My Doctor Said I Have Prediabetes, Now What?
Did you know that prediabetes affects 35% of adults over the age of twenty? The number increases to 50% for adults over the age of 65.1 Shockingly, most people that have prediabetes are undiagnosed, possibly because they never visit a doctor. Sadly, without the knowledge of prediabetes, they are not given the chance to make lifestyle changes to help decrease the risk of becoming a person with type 2 diabetes.
What are the markers for prediabetes?
A person with prediabetes will have elevated glucose levels. Clinical criteria states a “fasting plasma glucose level of 100- 125 mg/dl, or a two-hour plasma glucose level of 140-199 mg/dl, or a HgBA1C value of 5.7-6.4 percent”1 are all indications for prediabetes. If your doctor sees any of these lab values, he or she may counsel you on healthy lifestyle changes including increased exercise and diet changes. Just because you do not have type 2 diabetes does not mean you don’t still carry some of the risks. Having a diagnosis of prediabetes increases the risk of heart disease and stroke by 50%!1
What are the risk factors?
You may find that many of the risk factors for prediabetes are the same for type 2 diabetes as prediabetes is a stepping stone to type 2. Here are a few of them:
- Being overweight with a BMI of 25 or higher
- History of gestational diabetes
- Family history of diabetes
What lifestyle changes should I make to decrease the risk of developing diabetes?
1. Lose weight
If you have excess weight the first step would be to try to lose it. Many people try fad diets, different exercise classes, eating less junk food. The best way to lose weight is to slowly make permanent lifestyle changes. Stop buying problem foods such as potato chips, ice cream, cookies and snack cakes. Stock your shelf with healthy satisfying snacks such as nuts, fruit, vegetables and whole grain crackers. Start an exercise regimen that you feel excited about such as walking with your spouse or friend through the neighborhood, joining a new gym, or investing in a treadmill. Most importantly, enjoy it. If you don’t enjoy the new changes you are making you will not be able to stick with them.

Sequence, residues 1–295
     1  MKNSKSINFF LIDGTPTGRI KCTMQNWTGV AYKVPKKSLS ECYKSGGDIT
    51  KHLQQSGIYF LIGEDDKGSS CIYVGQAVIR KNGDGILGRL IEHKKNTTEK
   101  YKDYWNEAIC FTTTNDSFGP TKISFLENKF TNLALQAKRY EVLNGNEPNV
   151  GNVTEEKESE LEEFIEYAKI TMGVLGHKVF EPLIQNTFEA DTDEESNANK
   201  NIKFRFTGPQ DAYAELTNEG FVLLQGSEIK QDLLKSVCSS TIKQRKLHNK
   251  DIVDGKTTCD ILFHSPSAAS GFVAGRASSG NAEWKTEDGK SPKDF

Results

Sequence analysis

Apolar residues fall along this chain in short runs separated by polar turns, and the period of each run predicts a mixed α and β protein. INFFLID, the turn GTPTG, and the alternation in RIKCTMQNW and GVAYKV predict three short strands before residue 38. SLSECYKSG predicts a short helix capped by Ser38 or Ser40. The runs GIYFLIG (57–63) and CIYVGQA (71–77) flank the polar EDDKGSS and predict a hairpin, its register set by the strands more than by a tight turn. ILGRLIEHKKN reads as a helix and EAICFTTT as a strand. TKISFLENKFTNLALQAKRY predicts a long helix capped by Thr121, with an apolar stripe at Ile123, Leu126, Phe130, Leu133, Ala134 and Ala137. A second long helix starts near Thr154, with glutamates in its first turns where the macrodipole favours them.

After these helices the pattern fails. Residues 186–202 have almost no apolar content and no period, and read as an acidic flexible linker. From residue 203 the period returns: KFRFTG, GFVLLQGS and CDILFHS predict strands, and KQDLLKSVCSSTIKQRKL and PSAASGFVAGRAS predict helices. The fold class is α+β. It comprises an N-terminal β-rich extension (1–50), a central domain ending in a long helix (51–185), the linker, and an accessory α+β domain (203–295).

2. Eat healthier
Watch portion sizes. If you aren’t sure what a correct portion size is for a certain food, check the label. Some common servings to remember are:
- Cheese - 1 oz. or the size of your thumb
- Chicken breast - 3 oz. or the size and thickness of the palm of your hand
- Nut butter - 2 tbsp or the size of a golf ball
3. Be more active
Besides starting a new exercise regimen, make excuses to move more often. Take the stairs instead of the elevator, walk the dog around the block an extra time, park further away from your favorite store at the mall. Any time you can add more steps to your day you are strengthening your muscles and improving your fitness level.
Most importantly, do not be afraid to ask questions. Call your doctor if you have any issues or want specific recommendations!
Were the financial costs of type 2 diabetes surprising to you?